Tuesday, March 27, 2007

Deposition Rocket Science

I came across an ad for LiveNote, a suite of products to help manage deposition transcripts, exhibits, and so on.

There are some interesting possibilities. For instance, one system feeds the court reporter's transcript into the lawyer's laptop. Even with the laptop's screen folded down (to avoid distraction), the lawyer can mark key passages by pressing the spacebar or a number.

Another system can connect the lawyer taking a deposition with colleagues, even in another office or city. Seeing the real-time transcript and a video image of the deponent, they can then use an instant message system to suggest lines of questioning or comment on what was just said. (This might feel familiar to students who IM during class.)

I'm sure there are other products out there. This one just happens to be one whose ad I saw. (LiveNote is owned by Thomson West, and I'm on West mailing lists.)

Technology certainly makes a lot possible. I wonder how much it's used and in what sorts of practice. Complex cases worth millions of dollars would justify investment in equipment, software, and training, but there are no doubt cases that can be handled just as well with the very simplest of technologies (legal pads, trial notebooks, and so on).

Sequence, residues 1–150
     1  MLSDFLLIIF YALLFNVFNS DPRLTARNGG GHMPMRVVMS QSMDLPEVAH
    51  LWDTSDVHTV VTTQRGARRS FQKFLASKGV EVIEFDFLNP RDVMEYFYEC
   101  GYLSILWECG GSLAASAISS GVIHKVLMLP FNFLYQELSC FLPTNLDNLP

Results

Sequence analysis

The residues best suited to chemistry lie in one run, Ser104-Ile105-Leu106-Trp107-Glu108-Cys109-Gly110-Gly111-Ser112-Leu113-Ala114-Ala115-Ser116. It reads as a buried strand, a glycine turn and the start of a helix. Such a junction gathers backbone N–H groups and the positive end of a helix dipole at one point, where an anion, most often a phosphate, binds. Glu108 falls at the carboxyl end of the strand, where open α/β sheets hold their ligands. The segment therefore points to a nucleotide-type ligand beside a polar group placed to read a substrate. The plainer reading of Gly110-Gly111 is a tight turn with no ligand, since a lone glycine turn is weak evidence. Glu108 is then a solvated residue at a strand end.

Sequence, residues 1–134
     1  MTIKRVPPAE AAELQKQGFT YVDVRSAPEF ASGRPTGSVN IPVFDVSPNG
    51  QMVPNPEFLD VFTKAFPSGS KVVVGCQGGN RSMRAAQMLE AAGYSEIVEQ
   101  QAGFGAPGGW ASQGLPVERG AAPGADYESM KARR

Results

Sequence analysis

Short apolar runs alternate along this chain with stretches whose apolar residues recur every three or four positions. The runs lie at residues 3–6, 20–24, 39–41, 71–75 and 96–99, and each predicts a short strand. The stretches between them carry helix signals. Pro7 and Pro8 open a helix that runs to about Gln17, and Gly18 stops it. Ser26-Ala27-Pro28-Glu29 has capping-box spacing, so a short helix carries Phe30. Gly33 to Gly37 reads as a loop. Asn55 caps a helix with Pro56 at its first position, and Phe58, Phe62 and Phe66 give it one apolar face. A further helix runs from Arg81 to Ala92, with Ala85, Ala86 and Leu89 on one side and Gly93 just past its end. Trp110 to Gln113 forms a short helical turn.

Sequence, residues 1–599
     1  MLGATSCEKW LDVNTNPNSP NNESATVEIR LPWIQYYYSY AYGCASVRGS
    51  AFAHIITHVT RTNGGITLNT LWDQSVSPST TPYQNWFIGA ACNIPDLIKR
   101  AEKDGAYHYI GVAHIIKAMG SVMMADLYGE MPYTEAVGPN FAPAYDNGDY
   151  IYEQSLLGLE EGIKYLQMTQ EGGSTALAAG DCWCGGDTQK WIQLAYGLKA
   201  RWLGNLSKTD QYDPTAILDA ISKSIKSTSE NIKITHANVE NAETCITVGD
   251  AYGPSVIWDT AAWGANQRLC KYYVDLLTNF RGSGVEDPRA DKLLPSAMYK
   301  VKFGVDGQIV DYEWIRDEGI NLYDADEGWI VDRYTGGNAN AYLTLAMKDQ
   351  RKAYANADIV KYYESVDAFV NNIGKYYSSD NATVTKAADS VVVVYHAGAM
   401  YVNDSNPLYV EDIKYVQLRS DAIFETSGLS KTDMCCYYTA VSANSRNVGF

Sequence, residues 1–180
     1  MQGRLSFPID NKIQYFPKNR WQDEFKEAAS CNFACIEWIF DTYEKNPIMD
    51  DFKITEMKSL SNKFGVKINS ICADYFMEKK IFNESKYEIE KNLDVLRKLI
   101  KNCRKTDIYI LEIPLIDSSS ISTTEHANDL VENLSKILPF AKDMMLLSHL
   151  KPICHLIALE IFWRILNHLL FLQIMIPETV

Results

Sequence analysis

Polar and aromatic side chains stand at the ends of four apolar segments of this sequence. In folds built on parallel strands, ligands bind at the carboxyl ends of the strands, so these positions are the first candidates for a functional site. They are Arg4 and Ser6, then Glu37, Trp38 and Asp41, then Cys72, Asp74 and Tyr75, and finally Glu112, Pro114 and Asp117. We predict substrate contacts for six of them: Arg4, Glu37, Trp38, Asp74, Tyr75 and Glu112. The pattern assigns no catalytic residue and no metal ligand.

Is this an area with a big firm/small firm split? Or are there some solo practitioners who run high-tech practices and some big firm (or big government) lawyers who are less wired?

How much of trial practice is rocket science?

Photo (liftoff of the Apollo 11 Lunar Landing mission) courtesy NASA.

1 comment:

Kathleen Hunt said...

As a solo and later small-firm employment lawyer, I used LiveNote CONSTANTLY! It gave me a leg up on most large law firms, and was extremely useful in summary judgment. As I recall, it was quite inexpensive - small firms should automate anything they can...trial presentations, database management, billing -- it permits you to level the playing field, and actually compete.